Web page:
Phantoms: A Novel
Ray Takahashi’s return from the battlefields of World War II should have been triumphant, but the fragrant budding orchards of his rural Northern California home hide a secret that has destroyed everything that has destroyed everything that he has held dear. It wasn’t until nineteen-year-old Ray approaches the small house in which he grew up, only to find it occupied by a white family in which he didn’t know. Two decades later, John Frazier adjusts to his own homecoming. Detoxing from a dope addiction acquired in the barracks of Vietnam, yet still aching to write the next American novel, he struggles to silence the phantoms that have trailed him from the muddy jungles. From the halcyon before World War II, and the wayward years of post-Vietnam era, Phantoms/ weaves the stories of two split families as they seek impossible closure.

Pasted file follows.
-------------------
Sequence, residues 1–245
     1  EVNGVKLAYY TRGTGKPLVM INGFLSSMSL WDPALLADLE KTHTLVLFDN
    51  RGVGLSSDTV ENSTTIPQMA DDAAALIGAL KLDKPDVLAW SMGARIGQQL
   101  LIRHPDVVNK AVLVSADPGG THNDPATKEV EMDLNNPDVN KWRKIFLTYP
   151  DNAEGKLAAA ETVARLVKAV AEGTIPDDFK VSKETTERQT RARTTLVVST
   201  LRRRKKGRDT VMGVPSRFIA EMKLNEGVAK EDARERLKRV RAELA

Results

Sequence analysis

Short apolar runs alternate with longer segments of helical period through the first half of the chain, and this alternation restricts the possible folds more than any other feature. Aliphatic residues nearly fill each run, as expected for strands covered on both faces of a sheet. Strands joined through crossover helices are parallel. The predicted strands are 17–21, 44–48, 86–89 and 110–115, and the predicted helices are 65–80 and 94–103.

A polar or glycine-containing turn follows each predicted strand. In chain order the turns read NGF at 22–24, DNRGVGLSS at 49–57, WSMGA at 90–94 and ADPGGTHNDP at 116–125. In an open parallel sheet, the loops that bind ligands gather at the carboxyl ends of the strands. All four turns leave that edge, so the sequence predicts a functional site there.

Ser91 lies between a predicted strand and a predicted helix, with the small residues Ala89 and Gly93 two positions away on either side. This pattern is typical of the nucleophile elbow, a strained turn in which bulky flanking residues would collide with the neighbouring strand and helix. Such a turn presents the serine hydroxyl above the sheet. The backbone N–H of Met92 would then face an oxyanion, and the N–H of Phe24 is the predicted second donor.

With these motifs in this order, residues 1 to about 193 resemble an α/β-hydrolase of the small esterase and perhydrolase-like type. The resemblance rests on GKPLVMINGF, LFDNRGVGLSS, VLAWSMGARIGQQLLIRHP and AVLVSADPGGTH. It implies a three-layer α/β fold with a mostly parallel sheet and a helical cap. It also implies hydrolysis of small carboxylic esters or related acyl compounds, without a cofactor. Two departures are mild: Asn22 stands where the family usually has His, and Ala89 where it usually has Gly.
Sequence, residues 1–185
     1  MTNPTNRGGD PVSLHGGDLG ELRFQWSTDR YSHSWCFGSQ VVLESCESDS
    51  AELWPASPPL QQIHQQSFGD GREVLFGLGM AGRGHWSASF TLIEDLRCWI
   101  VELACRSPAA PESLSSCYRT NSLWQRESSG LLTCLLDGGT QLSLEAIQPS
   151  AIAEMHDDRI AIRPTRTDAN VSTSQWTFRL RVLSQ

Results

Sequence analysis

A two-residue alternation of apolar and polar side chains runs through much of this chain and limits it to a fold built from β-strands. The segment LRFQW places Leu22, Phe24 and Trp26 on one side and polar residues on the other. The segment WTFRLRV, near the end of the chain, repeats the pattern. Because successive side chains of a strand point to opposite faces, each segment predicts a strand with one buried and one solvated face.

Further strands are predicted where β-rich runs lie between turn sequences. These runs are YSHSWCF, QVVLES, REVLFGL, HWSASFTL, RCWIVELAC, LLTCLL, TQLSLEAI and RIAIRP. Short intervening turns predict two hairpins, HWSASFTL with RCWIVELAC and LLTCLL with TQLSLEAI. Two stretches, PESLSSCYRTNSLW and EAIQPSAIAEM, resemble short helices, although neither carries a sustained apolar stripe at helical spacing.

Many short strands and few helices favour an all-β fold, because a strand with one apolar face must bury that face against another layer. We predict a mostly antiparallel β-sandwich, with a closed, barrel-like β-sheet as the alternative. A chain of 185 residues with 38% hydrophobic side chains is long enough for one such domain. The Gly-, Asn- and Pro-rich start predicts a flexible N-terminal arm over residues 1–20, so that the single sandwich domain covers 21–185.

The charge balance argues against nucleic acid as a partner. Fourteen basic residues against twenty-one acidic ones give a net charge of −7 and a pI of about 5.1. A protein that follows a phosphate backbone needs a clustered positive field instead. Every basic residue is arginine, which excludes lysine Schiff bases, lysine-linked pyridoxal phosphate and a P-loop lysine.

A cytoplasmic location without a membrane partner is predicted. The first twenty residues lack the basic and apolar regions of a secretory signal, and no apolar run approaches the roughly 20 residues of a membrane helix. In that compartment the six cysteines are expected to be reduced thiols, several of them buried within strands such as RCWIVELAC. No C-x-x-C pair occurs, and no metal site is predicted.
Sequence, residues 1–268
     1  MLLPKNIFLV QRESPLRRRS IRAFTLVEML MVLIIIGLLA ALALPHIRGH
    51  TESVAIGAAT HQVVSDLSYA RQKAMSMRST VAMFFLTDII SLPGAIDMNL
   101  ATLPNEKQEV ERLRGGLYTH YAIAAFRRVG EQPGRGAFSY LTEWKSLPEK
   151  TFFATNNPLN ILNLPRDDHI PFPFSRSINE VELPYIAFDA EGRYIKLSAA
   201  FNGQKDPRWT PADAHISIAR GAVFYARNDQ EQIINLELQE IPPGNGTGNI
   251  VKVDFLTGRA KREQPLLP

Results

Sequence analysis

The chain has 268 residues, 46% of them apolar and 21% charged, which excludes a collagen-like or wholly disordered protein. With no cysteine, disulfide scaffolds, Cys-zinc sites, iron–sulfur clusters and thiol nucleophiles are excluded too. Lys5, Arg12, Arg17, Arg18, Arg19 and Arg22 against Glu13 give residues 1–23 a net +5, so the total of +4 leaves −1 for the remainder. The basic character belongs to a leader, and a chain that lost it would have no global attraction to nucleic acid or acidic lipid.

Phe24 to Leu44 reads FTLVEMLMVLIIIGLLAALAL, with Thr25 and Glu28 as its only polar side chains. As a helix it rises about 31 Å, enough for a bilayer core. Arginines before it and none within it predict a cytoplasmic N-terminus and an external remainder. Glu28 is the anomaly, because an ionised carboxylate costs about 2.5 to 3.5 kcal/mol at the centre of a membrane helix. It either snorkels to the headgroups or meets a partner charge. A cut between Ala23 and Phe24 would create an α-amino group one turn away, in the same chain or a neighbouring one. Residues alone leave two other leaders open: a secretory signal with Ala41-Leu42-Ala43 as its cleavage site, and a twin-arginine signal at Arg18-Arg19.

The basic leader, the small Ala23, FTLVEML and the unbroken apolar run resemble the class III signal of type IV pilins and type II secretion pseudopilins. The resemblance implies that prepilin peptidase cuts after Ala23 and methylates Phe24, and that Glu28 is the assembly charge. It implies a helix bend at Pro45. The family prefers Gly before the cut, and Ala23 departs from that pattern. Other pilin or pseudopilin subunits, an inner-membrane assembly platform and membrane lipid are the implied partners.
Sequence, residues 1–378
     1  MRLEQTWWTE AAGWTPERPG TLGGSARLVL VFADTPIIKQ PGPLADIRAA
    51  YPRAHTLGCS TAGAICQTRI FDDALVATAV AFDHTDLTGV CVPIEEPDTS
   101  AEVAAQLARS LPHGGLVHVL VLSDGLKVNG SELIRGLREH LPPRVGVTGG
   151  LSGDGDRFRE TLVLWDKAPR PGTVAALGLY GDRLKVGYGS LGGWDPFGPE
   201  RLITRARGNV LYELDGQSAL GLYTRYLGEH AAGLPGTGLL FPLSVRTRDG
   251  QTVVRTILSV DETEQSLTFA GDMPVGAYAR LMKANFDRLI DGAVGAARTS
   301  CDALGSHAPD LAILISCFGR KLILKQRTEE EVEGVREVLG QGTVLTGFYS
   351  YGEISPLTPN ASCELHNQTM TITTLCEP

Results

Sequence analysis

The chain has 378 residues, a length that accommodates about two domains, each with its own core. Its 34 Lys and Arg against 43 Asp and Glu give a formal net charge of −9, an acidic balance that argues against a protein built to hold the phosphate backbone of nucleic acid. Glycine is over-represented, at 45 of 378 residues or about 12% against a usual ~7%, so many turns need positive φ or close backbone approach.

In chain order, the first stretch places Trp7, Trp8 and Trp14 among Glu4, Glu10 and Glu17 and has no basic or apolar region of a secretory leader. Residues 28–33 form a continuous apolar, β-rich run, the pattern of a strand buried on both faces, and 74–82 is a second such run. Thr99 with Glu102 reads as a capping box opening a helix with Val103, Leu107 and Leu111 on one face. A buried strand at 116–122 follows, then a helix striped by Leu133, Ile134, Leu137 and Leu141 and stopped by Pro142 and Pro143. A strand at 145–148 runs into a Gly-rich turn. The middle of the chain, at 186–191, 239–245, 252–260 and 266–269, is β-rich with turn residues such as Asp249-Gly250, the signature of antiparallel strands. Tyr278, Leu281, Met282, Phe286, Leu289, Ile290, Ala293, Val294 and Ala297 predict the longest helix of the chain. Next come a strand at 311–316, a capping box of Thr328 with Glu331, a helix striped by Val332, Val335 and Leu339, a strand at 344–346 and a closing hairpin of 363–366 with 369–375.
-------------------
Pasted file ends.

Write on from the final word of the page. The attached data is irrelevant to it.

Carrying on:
Right off the bat, I could tell that Phantoms would be a fantastic read – and for the most part, it was. Phantoms was such a beautifully written book, expertly weaving a web full of old family secrets, hidden by the second World War, and the time afterward. Phantoms is such a realistic, heartbreaking story, filled with such amazing, well thought out characters, each with their own struggles, and as such, they are not perfect – and in all honesty, I found myself, in a sense, I couldn’t help but root for some of them, and for what they had accomplished throughout.
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|Page Count||288 pages|
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